A few days ago on Sunday September 16, 2012 at about 9:30pm a passenger was seen falling overboard from the world’s largest cruise ship, Royal Caribbean’s Allure of the Seas.
The Allure of the Seas never called the Coast Guard for assistance in searching until two hours later. By that time it was far too late for the lost passenger.
When BFP’s own pilot Robert heard about the incident, his first comment was surprise that Royal Caribbean built the world’s biggest and most expensive cruise ship – at a cost of some US$1.2 billion dollars – and didn’t include an onboard helicopter and alert flight crew to handle rescue situations and medical emergencies. The initial cost and ongoing expenditure would be nothing in relation to the overall operation, but Royal Caribbean made a decision to exclude the helicopter and instead build more cabins. Similarly Royal Caribbean does not maintain a quick launch rescue boat with a standby ready crew on alert. “Profits over passenger safety” seems to be the Royal Caribbean motto even at the design stage.
The outrageous failure of the Allure of the Seas captain to call for help for a passenger overboard and the failure of planning, design and operations in dealing with passengers overboard is just the latest in an ongoing series of cruise disaster stories. Cell phone cameras and internet access means that every passenger becomes a potential journalist able to broadcast any failure or disaster: and broadcast they do!
The cruise industry… for years has maintained that cruises are one of the safest ways to travel, and that a person is far more likely to be a victim of crime at home than aboard a ship.
Crime statistics tell a different story, according to Ross Klein, a professor of sociology at Memorial University of Newfoundland in Canada.
“It is not safer than being on land. Passengers need to know that they are at risk,” said Klein, who has written four books on cruise safety and testified at U.S. congressional hearings on oversight of the cruise industry.
… from the USA Today article Law shields industry on cruise ship crime information
It seems like every week brings new reports of cruise ship negligence and operational decisions that compromise passenger safety. Whether it’s the rape of passengers by crew, strange disappearances, murders, virus outbreaks, collisions or a complete lack of reasonable security, policing and medical standards and resources, the cruise industry has found that passenger safety and onboard crime issues are starting to attract the attention of passengers, employees and government authorities.
The bottom line could be that cruise ship crime might, in a perverse way, be good for island tourism – but only if the island is perceived as a much safer destination than a cruise ship.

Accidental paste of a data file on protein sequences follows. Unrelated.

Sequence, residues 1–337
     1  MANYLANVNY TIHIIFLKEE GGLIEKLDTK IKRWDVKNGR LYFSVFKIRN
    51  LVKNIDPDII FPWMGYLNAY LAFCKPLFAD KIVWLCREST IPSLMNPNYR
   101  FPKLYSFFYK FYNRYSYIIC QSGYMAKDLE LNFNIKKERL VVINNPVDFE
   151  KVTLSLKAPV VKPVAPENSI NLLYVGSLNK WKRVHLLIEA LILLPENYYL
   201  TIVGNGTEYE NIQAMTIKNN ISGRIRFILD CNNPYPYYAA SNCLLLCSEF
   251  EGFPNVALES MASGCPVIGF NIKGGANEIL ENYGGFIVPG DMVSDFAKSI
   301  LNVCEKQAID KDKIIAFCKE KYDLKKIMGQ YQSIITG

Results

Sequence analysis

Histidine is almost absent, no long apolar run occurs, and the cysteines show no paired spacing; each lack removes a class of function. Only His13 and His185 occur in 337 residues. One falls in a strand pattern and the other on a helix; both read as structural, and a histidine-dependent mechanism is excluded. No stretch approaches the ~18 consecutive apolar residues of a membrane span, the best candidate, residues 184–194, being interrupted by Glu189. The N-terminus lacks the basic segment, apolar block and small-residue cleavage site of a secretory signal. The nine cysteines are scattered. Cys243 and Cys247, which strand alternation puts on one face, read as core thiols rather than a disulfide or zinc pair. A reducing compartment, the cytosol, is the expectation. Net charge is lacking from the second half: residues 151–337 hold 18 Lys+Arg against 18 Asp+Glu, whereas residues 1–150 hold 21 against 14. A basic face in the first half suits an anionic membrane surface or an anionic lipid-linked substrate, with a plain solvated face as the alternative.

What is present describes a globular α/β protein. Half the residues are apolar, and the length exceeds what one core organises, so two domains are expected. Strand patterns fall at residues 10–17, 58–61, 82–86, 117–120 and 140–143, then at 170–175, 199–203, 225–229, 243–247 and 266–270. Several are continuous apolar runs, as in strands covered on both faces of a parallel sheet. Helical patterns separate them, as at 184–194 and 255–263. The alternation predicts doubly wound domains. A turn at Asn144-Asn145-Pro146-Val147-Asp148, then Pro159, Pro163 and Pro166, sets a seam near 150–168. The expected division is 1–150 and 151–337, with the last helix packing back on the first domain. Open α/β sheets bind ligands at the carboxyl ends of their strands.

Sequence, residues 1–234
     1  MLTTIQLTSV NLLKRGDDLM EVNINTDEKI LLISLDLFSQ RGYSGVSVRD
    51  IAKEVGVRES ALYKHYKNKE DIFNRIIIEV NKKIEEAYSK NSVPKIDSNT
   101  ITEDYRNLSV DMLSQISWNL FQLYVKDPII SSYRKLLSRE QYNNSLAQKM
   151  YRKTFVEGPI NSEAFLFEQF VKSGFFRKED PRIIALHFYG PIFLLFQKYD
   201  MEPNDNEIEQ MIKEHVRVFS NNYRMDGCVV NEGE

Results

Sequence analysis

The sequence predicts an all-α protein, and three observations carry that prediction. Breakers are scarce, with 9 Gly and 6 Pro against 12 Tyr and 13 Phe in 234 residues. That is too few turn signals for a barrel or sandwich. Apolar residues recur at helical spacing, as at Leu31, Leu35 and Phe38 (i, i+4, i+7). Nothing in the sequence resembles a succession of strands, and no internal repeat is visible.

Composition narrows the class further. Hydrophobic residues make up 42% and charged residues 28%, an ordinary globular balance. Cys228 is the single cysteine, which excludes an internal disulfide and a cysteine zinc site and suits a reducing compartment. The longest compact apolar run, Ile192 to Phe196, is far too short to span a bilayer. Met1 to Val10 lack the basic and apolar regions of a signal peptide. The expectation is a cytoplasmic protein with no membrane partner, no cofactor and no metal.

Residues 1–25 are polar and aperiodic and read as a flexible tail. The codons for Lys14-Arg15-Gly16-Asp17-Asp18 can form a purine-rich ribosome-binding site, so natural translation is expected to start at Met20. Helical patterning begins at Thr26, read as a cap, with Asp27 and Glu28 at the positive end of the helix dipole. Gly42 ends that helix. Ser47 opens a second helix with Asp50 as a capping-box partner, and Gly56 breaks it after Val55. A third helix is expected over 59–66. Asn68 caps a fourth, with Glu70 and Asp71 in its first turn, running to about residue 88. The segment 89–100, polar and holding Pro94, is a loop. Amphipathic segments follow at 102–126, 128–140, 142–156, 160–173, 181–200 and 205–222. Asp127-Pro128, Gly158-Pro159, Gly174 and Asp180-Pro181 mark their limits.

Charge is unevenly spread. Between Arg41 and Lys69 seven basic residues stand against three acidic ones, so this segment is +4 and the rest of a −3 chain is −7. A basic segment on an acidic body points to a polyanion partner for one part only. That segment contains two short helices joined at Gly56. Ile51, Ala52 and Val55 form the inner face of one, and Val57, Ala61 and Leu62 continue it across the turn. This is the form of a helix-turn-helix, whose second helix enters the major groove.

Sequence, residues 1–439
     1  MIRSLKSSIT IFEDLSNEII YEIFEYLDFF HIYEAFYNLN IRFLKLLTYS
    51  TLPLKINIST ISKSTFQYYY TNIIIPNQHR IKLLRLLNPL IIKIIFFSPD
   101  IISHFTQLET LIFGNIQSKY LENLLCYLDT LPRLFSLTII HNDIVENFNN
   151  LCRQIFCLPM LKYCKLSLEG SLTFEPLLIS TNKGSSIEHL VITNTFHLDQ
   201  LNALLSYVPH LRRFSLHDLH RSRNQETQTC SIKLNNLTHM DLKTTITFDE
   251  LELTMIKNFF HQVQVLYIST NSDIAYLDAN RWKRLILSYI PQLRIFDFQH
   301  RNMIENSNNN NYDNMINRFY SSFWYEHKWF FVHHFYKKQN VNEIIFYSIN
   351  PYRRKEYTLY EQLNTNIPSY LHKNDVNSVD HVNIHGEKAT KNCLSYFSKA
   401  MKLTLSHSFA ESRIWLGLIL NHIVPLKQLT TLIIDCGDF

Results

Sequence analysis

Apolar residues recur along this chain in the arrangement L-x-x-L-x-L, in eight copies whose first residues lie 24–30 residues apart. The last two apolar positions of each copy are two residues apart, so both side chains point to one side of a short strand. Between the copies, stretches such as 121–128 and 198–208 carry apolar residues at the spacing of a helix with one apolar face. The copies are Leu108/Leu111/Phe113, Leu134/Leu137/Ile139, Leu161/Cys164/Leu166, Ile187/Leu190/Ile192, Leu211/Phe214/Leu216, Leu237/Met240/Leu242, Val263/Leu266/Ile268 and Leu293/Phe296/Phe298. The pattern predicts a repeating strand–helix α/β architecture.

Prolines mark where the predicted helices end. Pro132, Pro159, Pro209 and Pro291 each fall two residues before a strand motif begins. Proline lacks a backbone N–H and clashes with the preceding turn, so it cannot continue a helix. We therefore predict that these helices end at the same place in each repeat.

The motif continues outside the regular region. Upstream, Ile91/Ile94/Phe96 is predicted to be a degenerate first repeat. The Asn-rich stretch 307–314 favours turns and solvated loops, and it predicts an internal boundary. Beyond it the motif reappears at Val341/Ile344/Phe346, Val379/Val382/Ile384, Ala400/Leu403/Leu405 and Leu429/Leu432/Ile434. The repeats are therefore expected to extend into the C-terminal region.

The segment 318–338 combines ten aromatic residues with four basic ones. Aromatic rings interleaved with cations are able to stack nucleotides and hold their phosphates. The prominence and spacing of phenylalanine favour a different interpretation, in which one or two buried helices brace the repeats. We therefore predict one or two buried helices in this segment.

How does a week’s vacation in Barbados stack up risk wise against a week on a cruise ship? Our Barbados Tourism Authority should be able to provide that answer to journalists tomorrow. “Should be able…” is the operative phrase because lately the BTA hasn’t been able to do much of anything worthwhile if the staff is to be judged by results. Perhaps some Bajan journalist will read this and try to obtain the information from the BTA. Good luck!
According to Jim Walker of Cruise Law News, the cruise ship industry had a record year in 2011 with passenger traffic up over 2 million passengers or over 10 percent to 20 million souls. Walker notes that the fallout if any from the Costa Concordia disaster has yet to appear in the system, and that cruise bookings are rising. While he has his doubts about the statistics released by the industry, it seems that the cruise ship industry is blowing away island tourism in terms of pricing, profits and marketing. Islands throughout the Caribbean are becoming nothing but service stops and boarding platforms for cruise ships and their passengers.
What can be done to reverse this trend? Does building a third of a billion dollar new port facility for cruise ships really benefit Barbados? What could we do with that 300 million dollars instead to make more profit for the country and citizens, and to improve the quality of life and value to our tourists? Does pushing through another four or five thousand passengers every few days from the airport to the mega cruise ships really benefit Bajans? Is this what we want for our country? Is the mega-terminal our only choice? Is it the best choice?
These important public discussions haven’t been had, and they won’t be.
Whether we’re talking a DLP or BLP government, the political elites have never been big on informing Bajans about the directions that the government is taking the country and its tourism-based economy.
After all is said and done, how much money does Barbados net from each cruise passenger in transit? Is it worth it? What are the alternatives for our nation?
Mr. Stuart, Mr. Arthur… can either of you answer those questions?
Cruise Law News: Can the cruise industry keep up with bad cruise news?
Fox News: How safe is your cruise ship?